Tagged: international

Schools and the bigger picture

A school is a part of a wider system, a bigger picture.

But what is that bigger picture?

How does your school reflect the systems, cultures, communities and directions that lie outside the school… and what role does the school play in those?

I wonder if many of the international schools we work in have anything at all to do with the bigger picture of the city, community or culture they are part of. I also wonder if they reflect that bigger picture too much!

Imagine, as I am at the moment, that our schools represented and lived up to the ideals and visions that were espoused in their mission statements. Can we truly say that we see those ideals and visions being reflected in society as a whole when we step outside the school gates? If a school is an idealistic island surrounded by the ills of society, is it truly going to have any effect on the world around it? Indeed, it may be more true that those ills are equally present in our schools. And, soberingly, the very existence of the school may depend on the presence and perpetuation of those ills.

I’ll leave you to decide what they are…

Asian cities, impermanence and international schools


I recently explored an old colonial building here in Saigon. Tiled corridors, sweeping staircases and Art Deco features. Cool little boutiques and caf├ęs juxtaposed with shady family apartments. And, what can only be described as a whole village in itself on the roof.

Beautiful? Yes. Tragic? Almost certainly.

It is quite soul-destroying inhabiting these cities in this part of the world. It is a perpetual cycle of coming across amazing bits of history only to to find them flattened the next time you go past.

There is a direct relationship between this cultural impermanence and the distinctly impermanent nature of international schools in this region. Though they may physically remain in place for some time, the attempts of their transient teachers to have a genuine affect on their transient students often comes across as fleeting. Students and teachers keep passing through as though on some conveyor belt both oblivious to their surroundings and incapable of shaping them. Never the twain shall meet.

Everybody needs to feel as though they are part of something that lasts. How do we create schools that affect and shape culture? How do we create schools that symbolize cultural strength and wisdom and not exploitation and destruction? How do we attract great teachers to those schools and get them to stop looking for a place where the grass is greener? ‘Cause it ain’t. The grass is green back home.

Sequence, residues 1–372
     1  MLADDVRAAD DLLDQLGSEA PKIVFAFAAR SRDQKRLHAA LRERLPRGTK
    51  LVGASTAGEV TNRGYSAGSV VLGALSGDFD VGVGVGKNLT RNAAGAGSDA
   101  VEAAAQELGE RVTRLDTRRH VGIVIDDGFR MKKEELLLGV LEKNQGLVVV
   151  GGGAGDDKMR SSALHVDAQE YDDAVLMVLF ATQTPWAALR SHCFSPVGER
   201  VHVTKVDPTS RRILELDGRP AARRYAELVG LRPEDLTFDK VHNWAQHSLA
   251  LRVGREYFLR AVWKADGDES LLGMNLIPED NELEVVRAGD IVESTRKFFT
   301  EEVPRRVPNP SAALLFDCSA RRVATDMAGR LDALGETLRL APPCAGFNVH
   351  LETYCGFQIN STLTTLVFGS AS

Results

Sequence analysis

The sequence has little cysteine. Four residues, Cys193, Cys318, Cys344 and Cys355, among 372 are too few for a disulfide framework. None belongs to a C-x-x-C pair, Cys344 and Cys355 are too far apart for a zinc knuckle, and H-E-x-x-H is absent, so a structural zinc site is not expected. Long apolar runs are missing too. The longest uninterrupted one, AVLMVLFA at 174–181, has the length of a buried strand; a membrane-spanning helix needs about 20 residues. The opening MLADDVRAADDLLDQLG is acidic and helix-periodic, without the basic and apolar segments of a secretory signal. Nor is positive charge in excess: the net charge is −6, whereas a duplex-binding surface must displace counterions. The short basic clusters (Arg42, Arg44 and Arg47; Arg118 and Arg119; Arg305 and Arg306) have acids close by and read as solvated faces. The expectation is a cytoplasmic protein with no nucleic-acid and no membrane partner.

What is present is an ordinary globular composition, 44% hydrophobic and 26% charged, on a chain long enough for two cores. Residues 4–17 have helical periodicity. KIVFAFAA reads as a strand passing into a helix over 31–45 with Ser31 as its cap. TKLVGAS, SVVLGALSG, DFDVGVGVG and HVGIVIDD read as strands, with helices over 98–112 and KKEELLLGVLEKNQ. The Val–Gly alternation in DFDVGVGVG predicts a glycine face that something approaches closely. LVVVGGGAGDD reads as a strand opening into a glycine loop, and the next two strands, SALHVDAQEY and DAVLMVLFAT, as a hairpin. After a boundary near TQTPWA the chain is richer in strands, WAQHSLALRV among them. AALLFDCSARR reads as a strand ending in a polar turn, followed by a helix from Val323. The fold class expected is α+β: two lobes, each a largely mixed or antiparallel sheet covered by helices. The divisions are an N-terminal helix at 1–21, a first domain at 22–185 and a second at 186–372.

Live to teach, don’t teach to live

Like many of you, I am an international school teacher. The longest I have lived anywhere in recent times is four years, in Bangkok. When I first got to Thailand I was constantly doing “double-takes” as I exclaimed about the fact that I lived in Thailand. Just the smallest acts, like getting on a motorbike to go and buy limes, were exciting, novel and fascinating. Slowly, however, I stopped doing the double-takes and, by the end of my stay, I was taking things for granted. I am quite ashamed of that, and do wonder if it affected my teaching.

When you live your life in a way that is full of surprises, curiosity and double-takes you are, certainly, a better teacher. By “better” I mean a teacher who instills those very emotions (and more) in their students. It is this kind of teacher that inspires, that motivates and that draws kids in to inquiry. Of course, if this is true, then the opposite must also be true.

Many of us in this nomadic lifestyle are both blessed and cursed as a result. We do have the chance to keep going to new places and re-experiencing the double-takes again. But we also develop a “grass is greener” mentality as we continue our search for the ideal place to live. We may also be more at risk of becoming jaded as our ideal place never comes to fruition. Everyone knows how poorly a jaded person teaches!

Perhaps moving is not the answer. Perhaps we simply need the determination to become and remain a person who is fascinated and surprised by life, curious about why things are the way they are and willing to take a wrong turning just to see what is around the corner. We can live that way without moving anywhere.

Maybe then we can become and continue to be inspired teachers?